Team USA (Vader, Steve Blackman, Goldust and Mark Mero w/ Sable) vs Team Canada (Jim Neidhart, The British Bulldog, Phil LaFon and Doug Furnas).
A head count on the number of Canadians in team Canada… zero. The fans, at least, finally have something to cheer for, as Bulldog in particular gets a lot of cheers as he goes through his 1993 routine with Vader. Steve Blackman, as is par for the course for new guys we’re trying but-not-really-trying to get over, gets eliminated via countout, the first of a few quick eliminations as Jim Neidhart and Phil Lafon are both taken out by Vader.
Goldust is working this match with a cast on. I say working, I mean standing on the apron. After the only good prolonged piece of action in the match between Vader and Doug Furnas, Goldust just fucks off, being eliminated by count out. Vader takes care of Furnas but Bulldog whiffs him with a ring bell as, of course, neither ref can see. Bulldog is the sole survivor and smart booking wins out.
Mankind vs Kane (w/ Paul Bearer and Mood Lighting)
This might have been the high point of the show. The match underscored by the deep red lighting that kind of gave both guys the out to have a match as good or as bad as they like. This was a Mankind special, with much of the action on the floor and the ring steps in almost constant use. He piledrives Kane mid-ring, then after putting the mandible claw in on Bearer, Kane sits up and chokeslam’s him off the apron through the Spanish announcers table.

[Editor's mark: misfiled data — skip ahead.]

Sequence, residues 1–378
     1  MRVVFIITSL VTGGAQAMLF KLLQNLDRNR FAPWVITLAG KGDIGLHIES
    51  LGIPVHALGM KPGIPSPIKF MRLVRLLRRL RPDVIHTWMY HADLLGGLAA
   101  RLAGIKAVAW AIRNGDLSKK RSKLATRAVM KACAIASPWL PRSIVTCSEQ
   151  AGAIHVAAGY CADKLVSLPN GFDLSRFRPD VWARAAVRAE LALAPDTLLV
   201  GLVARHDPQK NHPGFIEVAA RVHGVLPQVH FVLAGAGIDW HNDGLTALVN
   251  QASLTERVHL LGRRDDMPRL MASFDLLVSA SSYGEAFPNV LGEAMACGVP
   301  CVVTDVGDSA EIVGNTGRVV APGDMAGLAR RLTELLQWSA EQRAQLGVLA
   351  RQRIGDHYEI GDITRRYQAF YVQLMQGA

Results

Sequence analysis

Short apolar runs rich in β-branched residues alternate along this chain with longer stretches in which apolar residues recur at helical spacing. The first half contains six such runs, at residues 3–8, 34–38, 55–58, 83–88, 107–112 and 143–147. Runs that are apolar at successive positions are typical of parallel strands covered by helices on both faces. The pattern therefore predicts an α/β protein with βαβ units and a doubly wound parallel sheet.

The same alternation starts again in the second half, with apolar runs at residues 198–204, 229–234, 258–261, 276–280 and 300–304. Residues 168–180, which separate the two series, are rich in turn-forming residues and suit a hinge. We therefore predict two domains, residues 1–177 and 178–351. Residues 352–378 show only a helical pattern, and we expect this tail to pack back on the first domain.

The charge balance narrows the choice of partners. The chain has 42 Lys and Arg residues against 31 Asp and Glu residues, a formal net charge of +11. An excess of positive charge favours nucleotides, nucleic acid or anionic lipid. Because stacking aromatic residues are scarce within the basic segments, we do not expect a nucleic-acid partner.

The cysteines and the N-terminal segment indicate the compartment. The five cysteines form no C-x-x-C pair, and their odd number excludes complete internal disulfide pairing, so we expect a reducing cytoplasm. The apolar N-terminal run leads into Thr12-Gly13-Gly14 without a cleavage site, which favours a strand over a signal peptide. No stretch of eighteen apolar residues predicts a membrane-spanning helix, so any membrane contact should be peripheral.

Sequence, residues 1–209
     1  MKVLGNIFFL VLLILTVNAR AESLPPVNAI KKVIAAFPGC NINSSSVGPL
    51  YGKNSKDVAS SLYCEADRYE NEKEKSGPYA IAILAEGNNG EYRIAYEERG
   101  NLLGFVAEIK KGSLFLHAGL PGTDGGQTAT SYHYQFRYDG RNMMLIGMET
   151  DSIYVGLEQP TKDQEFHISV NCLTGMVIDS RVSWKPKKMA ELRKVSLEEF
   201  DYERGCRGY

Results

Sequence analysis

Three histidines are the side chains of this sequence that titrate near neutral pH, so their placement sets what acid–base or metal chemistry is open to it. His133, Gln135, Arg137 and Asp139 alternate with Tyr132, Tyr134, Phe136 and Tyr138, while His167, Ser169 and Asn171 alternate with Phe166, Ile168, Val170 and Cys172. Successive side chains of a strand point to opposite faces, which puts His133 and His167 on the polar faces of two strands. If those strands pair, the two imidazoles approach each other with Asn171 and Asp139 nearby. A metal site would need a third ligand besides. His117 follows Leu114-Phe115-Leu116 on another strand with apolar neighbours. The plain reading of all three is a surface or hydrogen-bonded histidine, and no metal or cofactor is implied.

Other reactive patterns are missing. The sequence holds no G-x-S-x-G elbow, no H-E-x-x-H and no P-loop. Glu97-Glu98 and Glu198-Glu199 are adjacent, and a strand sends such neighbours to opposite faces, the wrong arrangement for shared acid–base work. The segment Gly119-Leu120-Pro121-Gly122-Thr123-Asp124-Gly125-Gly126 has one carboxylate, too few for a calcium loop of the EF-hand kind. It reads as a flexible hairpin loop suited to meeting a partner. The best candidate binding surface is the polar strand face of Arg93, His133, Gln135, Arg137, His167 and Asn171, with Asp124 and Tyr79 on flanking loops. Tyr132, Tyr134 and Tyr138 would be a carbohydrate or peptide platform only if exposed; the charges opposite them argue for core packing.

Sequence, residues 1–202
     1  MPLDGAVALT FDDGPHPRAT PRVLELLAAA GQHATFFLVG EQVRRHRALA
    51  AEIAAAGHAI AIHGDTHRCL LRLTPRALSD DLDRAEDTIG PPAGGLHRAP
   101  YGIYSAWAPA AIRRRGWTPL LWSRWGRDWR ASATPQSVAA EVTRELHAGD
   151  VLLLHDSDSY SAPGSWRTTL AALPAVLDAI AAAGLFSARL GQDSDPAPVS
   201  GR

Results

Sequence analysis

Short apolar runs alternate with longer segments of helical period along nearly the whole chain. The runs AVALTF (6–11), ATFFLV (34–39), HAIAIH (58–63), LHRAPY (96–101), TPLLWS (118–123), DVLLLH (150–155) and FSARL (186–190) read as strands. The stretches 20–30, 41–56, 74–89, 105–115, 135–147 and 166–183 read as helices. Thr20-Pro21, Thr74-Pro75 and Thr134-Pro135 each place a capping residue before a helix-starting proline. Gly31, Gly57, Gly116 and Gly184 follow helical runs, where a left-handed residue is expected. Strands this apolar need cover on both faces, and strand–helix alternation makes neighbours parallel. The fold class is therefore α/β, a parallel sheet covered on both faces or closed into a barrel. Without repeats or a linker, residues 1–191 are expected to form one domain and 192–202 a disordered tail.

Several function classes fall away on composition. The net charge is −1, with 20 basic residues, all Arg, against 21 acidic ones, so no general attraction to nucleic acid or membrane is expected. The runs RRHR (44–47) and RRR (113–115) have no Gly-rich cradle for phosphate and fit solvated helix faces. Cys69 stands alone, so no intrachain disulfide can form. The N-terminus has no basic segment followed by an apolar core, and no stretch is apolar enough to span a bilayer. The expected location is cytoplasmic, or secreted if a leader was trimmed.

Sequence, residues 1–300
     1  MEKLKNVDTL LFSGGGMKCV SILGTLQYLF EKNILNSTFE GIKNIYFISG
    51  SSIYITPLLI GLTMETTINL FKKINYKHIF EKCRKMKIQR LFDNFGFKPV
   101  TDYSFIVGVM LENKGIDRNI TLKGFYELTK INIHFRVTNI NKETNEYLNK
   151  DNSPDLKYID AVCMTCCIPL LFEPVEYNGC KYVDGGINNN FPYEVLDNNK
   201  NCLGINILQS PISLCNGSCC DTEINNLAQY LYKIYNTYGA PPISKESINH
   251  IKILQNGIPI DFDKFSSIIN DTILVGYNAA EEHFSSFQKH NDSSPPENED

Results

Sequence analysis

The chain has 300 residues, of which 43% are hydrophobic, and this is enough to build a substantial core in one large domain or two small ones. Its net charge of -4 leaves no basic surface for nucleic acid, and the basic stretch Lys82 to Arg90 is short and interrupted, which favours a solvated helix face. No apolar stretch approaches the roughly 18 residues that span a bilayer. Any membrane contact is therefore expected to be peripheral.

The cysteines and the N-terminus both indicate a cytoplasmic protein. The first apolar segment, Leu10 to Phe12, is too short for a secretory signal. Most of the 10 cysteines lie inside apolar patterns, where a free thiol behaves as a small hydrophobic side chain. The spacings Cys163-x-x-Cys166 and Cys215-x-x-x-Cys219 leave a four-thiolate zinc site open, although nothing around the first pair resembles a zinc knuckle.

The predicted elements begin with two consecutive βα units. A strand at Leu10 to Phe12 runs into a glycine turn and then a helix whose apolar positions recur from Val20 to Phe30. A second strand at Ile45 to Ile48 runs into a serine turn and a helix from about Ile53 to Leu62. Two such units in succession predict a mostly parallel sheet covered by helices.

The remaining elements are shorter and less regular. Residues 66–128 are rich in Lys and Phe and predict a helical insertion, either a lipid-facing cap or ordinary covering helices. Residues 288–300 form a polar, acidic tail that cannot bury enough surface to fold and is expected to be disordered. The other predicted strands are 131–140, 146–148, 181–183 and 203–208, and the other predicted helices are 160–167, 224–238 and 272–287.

Within 60 seconds Mankind is up and about, Kane has enough time to lob him off the second rope straight onto the floor as Mick Foley’s body takes another absolute pounding on pay-per-view. Kane hits a tombstone piledriver that still looks hideous on his knees and picks up the win. Decent match, Mankind both got over and got Kane over in a losing cause. The Kane train, at this stage, seems unstoppable. And the WWF, it should be said, have done a tremendous job presenting him so far.
The Nation of Domination (Farooq, Rocky Maivia, Kama and D’lo Brown) vs Ken Shamrock, Ahmed Johnson and the Legion of Doom (Hawk and Animal)
A match of frequent eliminations, and one that (perhaps surprisingly given Farooq’s recent status) seems solely aimed at getting Rocky and Shamrock over. You can say a lot about this show, but the booking is pretty solid if nothing else. Rocky whips out a Rock bottom in this match and eliminates Hawk – he also breaks out a people’s elbow (sans elbow pad) which is perhaps the only thing more ridiculous than the People’s elbow is doing it while getting zero reaction.
Ahmed eliminates Farooq very early with a pearl river plunge, that’s a setup for Farooq costing Ahmed and an elimination a few minutes later and sending him to the back. After Animal is eliminated via a Road Dogg distraction, we pick off the pieces until we’re down to Rocky and Shamrock. They’re given a good few minutes, Rocky dominates but Shamrock turns and armbar position into an ankle lock for the clean submission victory. Not for the first time tonight, the booking was probably stronger than the match was.